If there was a mall somewhere that is known for kicking out any business that voted GOP. Now, a business in that mall is selling knock off dresses. The guy who they are making counterfeits from keeps getting them shutdown but they just keep remaking the company in the same rented stall. IE Knockoff, LLC to Knockoff1, LLC Shouldn't this mall be responsible for facilitating this obvious fraud once they are notified? Isn't there an expectation that they expel an illegal enterprise? It's not like they don't evict other businesses for less.

    • (Score: 4, Interesting) by vux984 on Tuesday October 12, @11:13PM

      by vux984 (5045) on Tuesday October 12, @11:13PM (#1186525)

      "Why can't they kick off copyright violators?"

      They could if they wanted, they aren't legally required to.

      "If there was a mall somewhere that is known for kicking out any business that voted GOP. "

      What on earth does that have to do with anything?

      "Now, a business in that mall is selling knock off dresses. The guy who they are making counterfeits from keeps getting them shutdown but they just keep remaking the company in the same rented stall. IE Knockoff, LLC to Knockoff1, LLC Shouldn't this mall be responsible for facilitating this obvious fraud once they are notified?"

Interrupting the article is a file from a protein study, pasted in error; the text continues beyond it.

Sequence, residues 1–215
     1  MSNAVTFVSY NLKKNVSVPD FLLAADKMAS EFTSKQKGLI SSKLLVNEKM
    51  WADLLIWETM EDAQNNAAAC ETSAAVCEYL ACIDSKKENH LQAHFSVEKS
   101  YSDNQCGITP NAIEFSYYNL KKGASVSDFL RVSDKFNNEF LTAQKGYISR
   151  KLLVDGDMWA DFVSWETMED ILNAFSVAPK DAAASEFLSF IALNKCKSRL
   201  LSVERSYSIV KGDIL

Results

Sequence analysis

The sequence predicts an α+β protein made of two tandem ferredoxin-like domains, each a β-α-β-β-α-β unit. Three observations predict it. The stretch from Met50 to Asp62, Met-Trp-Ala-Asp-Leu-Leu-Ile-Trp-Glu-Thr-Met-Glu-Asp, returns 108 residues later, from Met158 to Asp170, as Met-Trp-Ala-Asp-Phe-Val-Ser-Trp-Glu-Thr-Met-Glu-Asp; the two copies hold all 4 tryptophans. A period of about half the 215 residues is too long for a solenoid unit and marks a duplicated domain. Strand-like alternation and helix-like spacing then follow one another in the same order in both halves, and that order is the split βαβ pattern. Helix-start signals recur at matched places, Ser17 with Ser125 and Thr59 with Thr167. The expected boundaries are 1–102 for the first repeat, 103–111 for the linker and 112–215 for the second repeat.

Why stop at the land lord for leasing them space?

      Why not go after
      - The delivery trucks responsible for delivering the dresses to the store, and the shipping and rail companies for selling them container space and transporting it?
      - And the telephone company should be held responsible for providing them services that they use to place and receive orders, conduct credit card payments
      - And the banks should be responsible for providing them banking services...
      - And Staples should be on the hook because they sell them the paper they use in their receipt printers
      - And the security company should be responsible for protecting these knockoffs from shoplifters

      And its super odd to go after them only for knock offs... what if they sell legitimate products but then cheat on their taxes? Or fail to properly declare their imports at customs? Or use sweatshop labor? Or discriminate against someone? Or get caught dumping trash somewhere?

    • (Score: 0) by Anonymous Coward on Wednesday October 13, @02:43AM

      by Anonymous Coward on Wednesday October 13, @02:43AM (#1186548)